The record before us does not contain the transcript of any suppression hearing. However, the record does contain the trial judge's ruling on the pretrial motion to suppress filed in this case. It appears from this ruling that the trial judge considered and relied upon the transcript of a "motion to suppress evidence hearing," conducted by the trial court during the course of the original trial, regarding an "identical" motion to suppress. Moreover, it appears that the trial court, after reviewing that hearing transcript in regard to the pretrial suppression motion filed in this case, reached the same findings as it did in disposing of the motion to suppress filed during the original trial. These findings include findings that the magistrate had probable cause to issue the warrant and that the appellant had no expectation of privacy in the premises searched.
"Evidence used in the determination of probable cause may be presented by written affidavit, sworn testimony or both." (Emphasis supplied.) Lewis v. State, 255 Ga. 101 (2) (335 SE2d 560). As the hearing transcript has not been included in the record, we are unable to determine whether any sworn testimony was received by the magistrate and, if so, its content. "In the absence of a transcript of the suppression hearing, ' "we must assume as a matter of law that the evidence adduced at the hearing supported the findings of the court." ' " Santone v. State, 187 Ga. App. 789, 790 (371 SE2d 428). Moreover, " ' "[t]he duty of a reviewing court is simply to ensure that the magistrate had a 'substantial basis for concluding' that probable cause existed." ' " Rush v. State, 188 Ga. App. 520, 522 (373 SE2d 377), citing Illinois v. Gates, 462 U. S. 213, 234 (103 SC 2317, 76 LE2d 527). Examination of the face of the affidavit in support of the warrant, using a totality of the circumstances test, does not reveal any deficiency that would per se negate the existence of probable cause. See generally Illinois v. Gates, supra; Lewis, supra; Ford v. State, 183 Ga. App. 566 (2) (359 SE2d 435); Thomas v. State, 183 Ga. App. 819 (1) (360 SE2d 75). Accordingly, we find this enumeration of error to be without merit.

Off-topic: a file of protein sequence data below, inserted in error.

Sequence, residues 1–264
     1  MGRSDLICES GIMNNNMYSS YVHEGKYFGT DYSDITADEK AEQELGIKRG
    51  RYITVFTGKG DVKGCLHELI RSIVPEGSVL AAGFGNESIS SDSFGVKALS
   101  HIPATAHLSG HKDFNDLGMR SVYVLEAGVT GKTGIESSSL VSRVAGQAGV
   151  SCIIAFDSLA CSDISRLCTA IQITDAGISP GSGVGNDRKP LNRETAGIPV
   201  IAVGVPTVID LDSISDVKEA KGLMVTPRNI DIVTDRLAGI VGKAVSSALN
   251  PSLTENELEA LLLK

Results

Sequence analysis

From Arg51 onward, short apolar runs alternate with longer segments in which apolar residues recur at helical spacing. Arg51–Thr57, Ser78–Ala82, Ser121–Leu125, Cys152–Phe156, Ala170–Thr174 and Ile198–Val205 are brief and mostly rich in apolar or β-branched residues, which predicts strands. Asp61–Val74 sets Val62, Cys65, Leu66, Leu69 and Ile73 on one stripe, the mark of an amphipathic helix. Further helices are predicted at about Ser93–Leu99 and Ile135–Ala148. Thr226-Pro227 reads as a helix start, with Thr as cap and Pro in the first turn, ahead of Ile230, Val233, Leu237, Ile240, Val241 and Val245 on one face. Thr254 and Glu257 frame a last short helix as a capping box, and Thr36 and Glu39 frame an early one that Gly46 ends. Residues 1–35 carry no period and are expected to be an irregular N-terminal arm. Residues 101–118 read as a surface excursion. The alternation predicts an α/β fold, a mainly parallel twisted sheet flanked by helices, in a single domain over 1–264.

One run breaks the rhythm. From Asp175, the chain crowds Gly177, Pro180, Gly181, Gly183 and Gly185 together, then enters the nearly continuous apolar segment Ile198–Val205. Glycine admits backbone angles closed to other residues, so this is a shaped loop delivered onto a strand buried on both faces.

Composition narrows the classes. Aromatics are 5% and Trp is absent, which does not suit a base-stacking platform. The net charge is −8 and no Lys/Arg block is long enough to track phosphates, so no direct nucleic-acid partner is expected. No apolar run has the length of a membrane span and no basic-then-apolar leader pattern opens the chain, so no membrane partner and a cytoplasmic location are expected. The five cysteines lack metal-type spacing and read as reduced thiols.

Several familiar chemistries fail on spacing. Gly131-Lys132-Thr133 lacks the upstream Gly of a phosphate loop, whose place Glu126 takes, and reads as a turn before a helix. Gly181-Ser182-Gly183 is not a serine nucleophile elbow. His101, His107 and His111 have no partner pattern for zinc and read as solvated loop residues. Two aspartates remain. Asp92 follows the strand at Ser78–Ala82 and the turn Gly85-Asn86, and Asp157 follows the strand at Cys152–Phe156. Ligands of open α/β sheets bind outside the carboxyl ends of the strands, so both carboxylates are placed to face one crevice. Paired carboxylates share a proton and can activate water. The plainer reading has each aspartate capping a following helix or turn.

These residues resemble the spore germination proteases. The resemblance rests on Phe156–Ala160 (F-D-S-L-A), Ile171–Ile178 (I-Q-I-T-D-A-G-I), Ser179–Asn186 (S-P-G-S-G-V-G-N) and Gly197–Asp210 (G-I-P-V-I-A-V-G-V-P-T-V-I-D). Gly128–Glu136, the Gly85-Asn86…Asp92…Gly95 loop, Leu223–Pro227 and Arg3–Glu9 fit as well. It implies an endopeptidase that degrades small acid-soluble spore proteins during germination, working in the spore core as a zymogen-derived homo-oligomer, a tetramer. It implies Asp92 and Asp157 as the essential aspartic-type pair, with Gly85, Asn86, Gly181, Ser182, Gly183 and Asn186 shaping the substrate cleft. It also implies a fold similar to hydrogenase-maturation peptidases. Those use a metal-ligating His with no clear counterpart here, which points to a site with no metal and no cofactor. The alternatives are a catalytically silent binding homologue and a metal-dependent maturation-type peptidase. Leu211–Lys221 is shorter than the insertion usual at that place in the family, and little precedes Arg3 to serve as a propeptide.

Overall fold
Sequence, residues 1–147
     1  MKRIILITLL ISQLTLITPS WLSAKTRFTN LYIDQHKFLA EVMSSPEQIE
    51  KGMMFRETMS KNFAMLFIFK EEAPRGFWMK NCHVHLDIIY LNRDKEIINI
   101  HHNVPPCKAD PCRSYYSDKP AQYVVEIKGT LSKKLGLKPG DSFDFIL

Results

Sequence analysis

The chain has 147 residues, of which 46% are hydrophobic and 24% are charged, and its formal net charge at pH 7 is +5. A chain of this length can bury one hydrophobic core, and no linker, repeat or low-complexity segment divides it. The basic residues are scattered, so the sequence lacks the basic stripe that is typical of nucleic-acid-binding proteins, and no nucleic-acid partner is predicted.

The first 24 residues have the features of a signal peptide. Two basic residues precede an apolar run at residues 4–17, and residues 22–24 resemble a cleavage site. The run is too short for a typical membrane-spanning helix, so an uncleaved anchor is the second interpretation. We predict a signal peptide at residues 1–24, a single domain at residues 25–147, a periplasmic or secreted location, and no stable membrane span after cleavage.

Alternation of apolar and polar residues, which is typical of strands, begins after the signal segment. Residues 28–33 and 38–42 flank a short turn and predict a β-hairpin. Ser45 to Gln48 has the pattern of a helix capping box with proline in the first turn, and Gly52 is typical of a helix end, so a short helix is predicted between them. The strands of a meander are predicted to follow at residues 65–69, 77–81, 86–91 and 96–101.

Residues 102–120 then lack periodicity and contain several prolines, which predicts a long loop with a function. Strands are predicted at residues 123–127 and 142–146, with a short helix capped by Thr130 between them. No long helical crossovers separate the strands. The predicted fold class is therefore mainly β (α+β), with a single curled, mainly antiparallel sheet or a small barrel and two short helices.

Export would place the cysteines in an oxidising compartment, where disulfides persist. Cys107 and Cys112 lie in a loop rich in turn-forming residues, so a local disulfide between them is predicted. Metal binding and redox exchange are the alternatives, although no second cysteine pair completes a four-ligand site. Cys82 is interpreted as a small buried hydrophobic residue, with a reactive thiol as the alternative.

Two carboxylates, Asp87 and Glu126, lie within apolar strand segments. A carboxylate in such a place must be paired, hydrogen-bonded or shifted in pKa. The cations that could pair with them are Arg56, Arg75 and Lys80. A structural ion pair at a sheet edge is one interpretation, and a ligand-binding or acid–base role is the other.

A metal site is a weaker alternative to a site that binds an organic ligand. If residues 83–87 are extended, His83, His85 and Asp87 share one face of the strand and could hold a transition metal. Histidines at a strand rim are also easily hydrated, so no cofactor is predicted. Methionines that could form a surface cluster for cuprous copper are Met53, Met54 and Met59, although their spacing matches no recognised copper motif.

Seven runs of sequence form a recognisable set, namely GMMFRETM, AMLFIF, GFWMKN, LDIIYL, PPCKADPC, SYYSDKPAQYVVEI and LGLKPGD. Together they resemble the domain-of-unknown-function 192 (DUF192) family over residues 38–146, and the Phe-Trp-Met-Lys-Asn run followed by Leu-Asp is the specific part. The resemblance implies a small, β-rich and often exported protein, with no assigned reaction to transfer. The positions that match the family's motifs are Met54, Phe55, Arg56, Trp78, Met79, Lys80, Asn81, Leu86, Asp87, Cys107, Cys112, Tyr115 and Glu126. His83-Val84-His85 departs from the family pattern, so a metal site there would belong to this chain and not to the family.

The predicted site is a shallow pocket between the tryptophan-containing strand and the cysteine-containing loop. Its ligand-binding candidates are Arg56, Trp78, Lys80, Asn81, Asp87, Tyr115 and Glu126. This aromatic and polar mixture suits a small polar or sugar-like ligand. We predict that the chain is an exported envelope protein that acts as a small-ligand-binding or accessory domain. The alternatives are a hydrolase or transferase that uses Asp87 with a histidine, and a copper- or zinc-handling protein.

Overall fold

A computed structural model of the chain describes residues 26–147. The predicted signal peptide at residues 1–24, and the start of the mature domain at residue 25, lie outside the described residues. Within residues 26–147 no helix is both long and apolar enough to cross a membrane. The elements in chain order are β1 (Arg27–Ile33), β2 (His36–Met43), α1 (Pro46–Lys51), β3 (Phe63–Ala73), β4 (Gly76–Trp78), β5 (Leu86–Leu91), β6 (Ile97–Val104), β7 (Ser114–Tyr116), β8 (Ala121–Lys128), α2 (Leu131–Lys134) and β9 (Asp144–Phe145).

3. Appellant asserts that the trial court erred in failing to grant a motion to suppress cocaine entered as evidence based on the failure of the State to perfect the chain of custody. Specifically, appellant attacks the chain of custody because his counsel observed the cocaine on a table at a restaurant during lunch. The transcript reflects that appellant's counsel in support of his motion stated: "I saw Officer Smith over there eating lunch with the [evidence] bag, the bag all wide open and all." Subsequently, in an out-of-court hearing, appellant's counsel did not accept the trial judge's advice that counsel would have to testify if he wanted to place his testimony in the record. However, counsel did admit in response to a question from the trial judge as to whether the bag was in the possession of Officer Smith that "[y]eah, he had it laying up on the table." It thus appears from the current state of the record that this incident occurred during a lunch break in the case sub judice, and after the evidence had been subjected to laboratory analysis.
" '(W)here the State seeks to introduce evidence of a fungible nature, it must show a chain of custody which. is adequate to preserve the identity of the evidence. [Cit.] Hence, the burden is on the prosecution "to show with reasonable certainty that the evidence is the same as that seized and that there has been no tampering or substitution." [Cit.] However, the State need not negate all possibility of tampering, and "need only establish reasonable assurance of the identity" of the confiscated evidence.' " Johnson v. State, 184 Ga. App. 745 (1) (a) (362 SE2d 450); accord Spend v. State, 187 Ga. App. 359 (1) (370 SE2d 213). We are satisfied based on the posture of the trial record that the State has met its burden. Moreover, "[t]he remote possibility that some intermeddler having nothing to do with the case" tampered with the evidence at some point after laboratory analysis thereof "does not require the suppression of the evidence." See Pope v. State, 256 Ga. 195 (6) (345 SE2d 831). Accordingly, this assignment of error 15 without merit.